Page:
A friend of yours told you about “three-month rule” which is a societal decision to wait for three months to forgive, forget, and move on from the previous relationship, and get ready to date again.
Now you are thinking about welcoming a new person into your life, and you felt that you already moved on from the toxic relationship three months ago.
Fast forward, the relationship also became toxic and thankfully came to an end. However, it left traumatic experiences which made you afraid of dating.
You told your friend that “three-month rule” didn’t work, so you had a little chat which turned to a deep conversation.
Thankfully, this trusted friend of yours is trustworthy. That’s why you believed the “three-month rule” right? So you let it out, cried, and opened yourself. You both hoped to find the end of the tunnel until there’s nothing left to spill.
Getting Hold of Yourself
You experienced “unpredicted problems” that happened your past relationships, no matter how deep you and your partner felt. A quick fix may be a convenient solution; however, it doesn’t protect both of you from recurring mistakes. It is why you need to focus on finding the root cause and tackle it properly. Once you learned your triggers and how to side-step those earlier decisions, it can help you thrive within your new relationship. Ask yourself:
🤔 When you were together, are you a giver or a taker?
🤔 Are you comfortable with the typical interactions with your partner?
🤔 What are your recurring issues?
🤔 What did each of you do when solving conflicts?
🤔 Did you both consistently meet each other’s specific needs?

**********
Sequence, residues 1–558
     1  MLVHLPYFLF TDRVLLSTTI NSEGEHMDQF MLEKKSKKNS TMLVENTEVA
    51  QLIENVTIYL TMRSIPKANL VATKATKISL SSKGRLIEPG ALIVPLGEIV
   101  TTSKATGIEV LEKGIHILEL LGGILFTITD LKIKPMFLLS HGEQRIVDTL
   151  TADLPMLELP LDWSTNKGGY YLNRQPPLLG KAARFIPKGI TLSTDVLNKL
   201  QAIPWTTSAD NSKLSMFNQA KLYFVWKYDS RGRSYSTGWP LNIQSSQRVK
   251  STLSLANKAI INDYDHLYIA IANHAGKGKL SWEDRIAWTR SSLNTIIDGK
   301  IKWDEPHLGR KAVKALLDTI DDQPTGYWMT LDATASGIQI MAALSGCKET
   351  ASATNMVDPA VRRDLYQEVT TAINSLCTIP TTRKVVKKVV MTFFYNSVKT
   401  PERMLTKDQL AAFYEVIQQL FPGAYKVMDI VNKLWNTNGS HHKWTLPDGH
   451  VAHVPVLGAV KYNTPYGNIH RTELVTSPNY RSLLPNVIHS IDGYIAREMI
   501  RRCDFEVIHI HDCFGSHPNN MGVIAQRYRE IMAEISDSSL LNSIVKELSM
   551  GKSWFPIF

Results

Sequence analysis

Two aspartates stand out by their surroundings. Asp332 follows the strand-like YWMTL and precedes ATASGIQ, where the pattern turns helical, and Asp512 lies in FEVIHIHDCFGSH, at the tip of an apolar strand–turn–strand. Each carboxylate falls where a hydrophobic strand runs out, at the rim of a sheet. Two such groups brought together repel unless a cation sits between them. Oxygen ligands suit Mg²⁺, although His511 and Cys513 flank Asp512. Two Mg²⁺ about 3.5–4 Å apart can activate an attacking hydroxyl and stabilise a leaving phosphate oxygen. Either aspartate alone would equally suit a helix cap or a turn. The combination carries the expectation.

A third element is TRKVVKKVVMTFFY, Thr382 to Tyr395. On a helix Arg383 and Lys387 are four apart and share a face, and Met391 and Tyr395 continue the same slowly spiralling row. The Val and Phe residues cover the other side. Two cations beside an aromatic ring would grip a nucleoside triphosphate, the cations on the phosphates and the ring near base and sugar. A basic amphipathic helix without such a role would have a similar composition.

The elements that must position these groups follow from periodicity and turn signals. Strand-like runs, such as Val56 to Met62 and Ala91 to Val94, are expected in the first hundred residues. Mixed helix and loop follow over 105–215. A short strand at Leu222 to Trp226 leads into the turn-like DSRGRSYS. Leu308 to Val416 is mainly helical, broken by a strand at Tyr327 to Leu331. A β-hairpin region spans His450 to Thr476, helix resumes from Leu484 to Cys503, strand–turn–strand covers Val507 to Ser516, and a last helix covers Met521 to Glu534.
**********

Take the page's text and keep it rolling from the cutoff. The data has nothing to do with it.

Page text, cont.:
🤔 Are there healthy sacrifices that both of you appreciate?
🤔 Can you both communicate sincerely without aggression?
Consider all the other relationships you’ve had in the past, and you may find a pattern. You may have never felt comfortable being yourself with your partner or able to address issues in open communication. The feeling of not being valued as a person with feelings and opinions will also make a person more likely to allow the partner to decide. It will put pressure on the partner and pressures the person to conform to the idea of what the person thinks a relationship should be rather than what it is. These habits keep you in a cycle of having failed relationships.
Breaking the Cycle
Now that you can pick up the cause and effect of your actions in your relationships, you have the presence of mind towards your objectives and decisions. It’s good to know that cycles of bad habits are not personality traits. Escaping it will help you avoid lapses to behaviour and bad habits. Now, what’s next?
👉 Examine the patterns you have discovered and your responses within the cycle. Do you consider your mistakes as your bad habits?
👉 Focus on making conscious choices. Do you recognize the moments when you begin to fall into those patterns again?
👉 Commit to yourself first. Do you accept that you deserve to be happy and safe in a relationship?
👉 Make a regular reflection. There are no immediate results; are you already making responsible decisions?
👉 Reward yourself for those successes and learn from your mistakes. Are you already avoiding to date terrible human beings?
If this process seems overwhelming to you, don’t hesitate to consult with professionals. It’s challenging to collate these thoughts by yourself when you just got out from a traumatic relationship. Therapy can allow you to address the unconscious triggers that lead you to choose partners who mirror earlier, bad relationship choices.
History will keep repeating itself until you change it. Your success in avoiding the mistakes of your previous relationships lay in the choices you make for your future. Now is your opportunity to seize the moment and try a different path!